Of all composers of the Spanish
renaissance Victoria is the most frequently performed and recorded.
In particular his Tenebrae Responsories and his Requiem have
received much attention. A large proportion of his music is
related to the devotion of the Virgin Mary, which is reflected
by the many recordings of his Marian motets. This disc presents
a collection of music for use at the Second Vespers of the Feast
of the Annunciation. Most of the music has probably been written
during De Victoria's stay in Rome. In the booklet the musicologist
Jon Dixon, who put together this programme, writes: "There
is no direct evidence that the continuous use of polyphony on
this scale in Vespers was practised in late sixteenth century
Rome, or that the early seventeenth century Venetian practice
of replacing antiphons with motets on similar texts was followed
in Rome at Victoria's time." But: "This project examines
some of the Marian music Victoria wrote, with consideration
to the liturgical context in which it might have been used."
I find this project rather questionable.
The programme is not presented as "an 'authentic' reconstruction,
but more as a musical offering demonstrating how this wonderful
body of music could be performed employing some of the liturgical
practices that developed in the following generation".
From the use of the words 'could be' (rather than 'could have
been') one has to conclude that there is no historical foundation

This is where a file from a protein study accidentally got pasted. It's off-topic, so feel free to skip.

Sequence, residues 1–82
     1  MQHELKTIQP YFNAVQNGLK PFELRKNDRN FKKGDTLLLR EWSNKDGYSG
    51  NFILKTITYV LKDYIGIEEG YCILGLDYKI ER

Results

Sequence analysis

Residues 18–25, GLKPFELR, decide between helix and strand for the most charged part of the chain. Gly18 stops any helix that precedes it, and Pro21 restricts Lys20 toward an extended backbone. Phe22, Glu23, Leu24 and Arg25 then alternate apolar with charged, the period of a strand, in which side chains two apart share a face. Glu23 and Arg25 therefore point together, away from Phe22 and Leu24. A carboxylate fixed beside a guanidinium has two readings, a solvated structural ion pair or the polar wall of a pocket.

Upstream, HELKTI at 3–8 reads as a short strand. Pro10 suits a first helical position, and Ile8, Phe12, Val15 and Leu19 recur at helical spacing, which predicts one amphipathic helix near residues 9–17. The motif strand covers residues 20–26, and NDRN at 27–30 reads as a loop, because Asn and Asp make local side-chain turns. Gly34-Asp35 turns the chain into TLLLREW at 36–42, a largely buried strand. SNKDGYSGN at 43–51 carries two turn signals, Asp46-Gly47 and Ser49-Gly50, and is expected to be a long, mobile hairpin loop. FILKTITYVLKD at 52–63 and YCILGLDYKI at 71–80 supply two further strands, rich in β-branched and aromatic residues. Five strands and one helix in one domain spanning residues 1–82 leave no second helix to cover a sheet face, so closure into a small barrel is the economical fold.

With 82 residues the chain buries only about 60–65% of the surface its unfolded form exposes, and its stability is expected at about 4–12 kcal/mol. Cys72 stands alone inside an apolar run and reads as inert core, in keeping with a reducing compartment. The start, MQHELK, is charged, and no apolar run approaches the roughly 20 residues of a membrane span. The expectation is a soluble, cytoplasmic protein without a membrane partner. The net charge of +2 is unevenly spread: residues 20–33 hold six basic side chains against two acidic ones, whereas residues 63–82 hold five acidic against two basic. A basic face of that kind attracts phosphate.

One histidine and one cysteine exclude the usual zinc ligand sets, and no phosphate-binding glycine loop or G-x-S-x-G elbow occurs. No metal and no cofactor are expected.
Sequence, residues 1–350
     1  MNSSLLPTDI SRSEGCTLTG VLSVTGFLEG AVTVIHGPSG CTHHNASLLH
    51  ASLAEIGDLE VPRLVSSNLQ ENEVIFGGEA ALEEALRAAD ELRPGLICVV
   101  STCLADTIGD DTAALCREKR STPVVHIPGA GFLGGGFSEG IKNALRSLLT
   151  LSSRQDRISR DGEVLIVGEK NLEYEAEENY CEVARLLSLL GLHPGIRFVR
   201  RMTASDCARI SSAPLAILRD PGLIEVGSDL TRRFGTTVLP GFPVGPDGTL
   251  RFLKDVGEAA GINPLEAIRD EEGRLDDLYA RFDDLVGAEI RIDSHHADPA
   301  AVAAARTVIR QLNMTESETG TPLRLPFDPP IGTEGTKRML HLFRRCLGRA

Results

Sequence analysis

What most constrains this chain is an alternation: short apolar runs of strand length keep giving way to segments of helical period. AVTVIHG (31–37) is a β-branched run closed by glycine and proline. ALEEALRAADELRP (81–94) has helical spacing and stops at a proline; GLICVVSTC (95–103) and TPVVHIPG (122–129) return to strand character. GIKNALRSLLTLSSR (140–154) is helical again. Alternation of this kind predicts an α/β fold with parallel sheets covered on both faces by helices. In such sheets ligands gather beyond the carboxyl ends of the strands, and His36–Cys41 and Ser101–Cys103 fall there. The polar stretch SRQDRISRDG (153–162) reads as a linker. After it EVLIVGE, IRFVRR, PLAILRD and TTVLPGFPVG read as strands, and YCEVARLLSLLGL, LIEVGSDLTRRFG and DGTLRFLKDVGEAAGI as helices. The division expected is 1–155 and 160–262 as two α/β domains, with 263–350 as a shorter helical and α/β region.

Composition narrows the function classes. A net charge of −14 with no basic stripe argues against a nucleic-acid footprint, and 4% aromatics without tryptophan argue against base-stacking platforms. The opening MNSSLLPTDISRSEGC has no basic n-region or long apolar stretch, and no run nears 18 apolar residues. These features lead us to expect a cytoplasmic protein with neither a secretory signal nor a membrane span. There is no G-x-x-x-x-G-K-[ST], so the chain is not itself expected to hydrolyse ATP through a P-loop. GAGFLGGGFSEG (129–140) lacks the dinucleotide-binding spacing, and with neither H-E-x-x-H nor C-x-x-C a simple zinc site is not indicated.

whatsoever for the way this music is used here. But if there
is no shred of evidence that De Victoria's Marian motets could
ever have been used to replace plainchant in a Vesper service,
for instance, then what is the point of presenting them this
The Exon Singers are one of the
leading British chamber choirs, which was founded in 1966. Although
its repertoire ranges from the renaissance to the present day,
the core of its activities is the music of the 20th century,
as the concert programmes and the discography on its website
shows. Here it consists of 8 sopranos, 5 altos (male and female),
5 tenors and 6 basses. There is no doubt this is a very fine
choir, which produces a strong sound. In particular the Vesper
Psalms get a bright and vibrant interpretation which underlines
their jubilant character.
But the performance also lacks
some subtlety and differentiation, in particular in regard to
dynamics and articulation. Even though classical polyphony has
to be sung basically legato, not every line should be sung in
one breath, without any stressing of words or syllables. And
here too much is sung at the same dynamic level, mostly forte,
which becomes pretty tiring after a while. A more relaxed and
flexible approach would have done this recording a lot of good.
It is especially in the more intimate
pieces where this performance fails to convey the character
of the music. The interpretation of the strongly emotional 8-part
Ave Maria, for instance, is much too down-to-earth. The recording
by Pro Cantione Antiqua ('El Siglo de Oro', Teldec) brings out
with greater strength the exaltation of this motet. The last
piece on this disc, the litany Kyrie eleison, in which the Virgin
Mary - referred to with many different names (Holy Mother, Holy
Virgin, Virgin of virgins, Queen of the Angels, Queen of the
Martyrs etc) - is asked to pray for the sinners, is too straightforward.
I would recommend this recording
in particular because of the four Vesper Psalms, which show
a somewhat different side of De Victoria's art and which have
not to date been paid enough attention. But the liturgical context
is without historical foundation, and some of the other items
lack the necessary emotional power.
Johan van Veen
see also Review
by John Quinn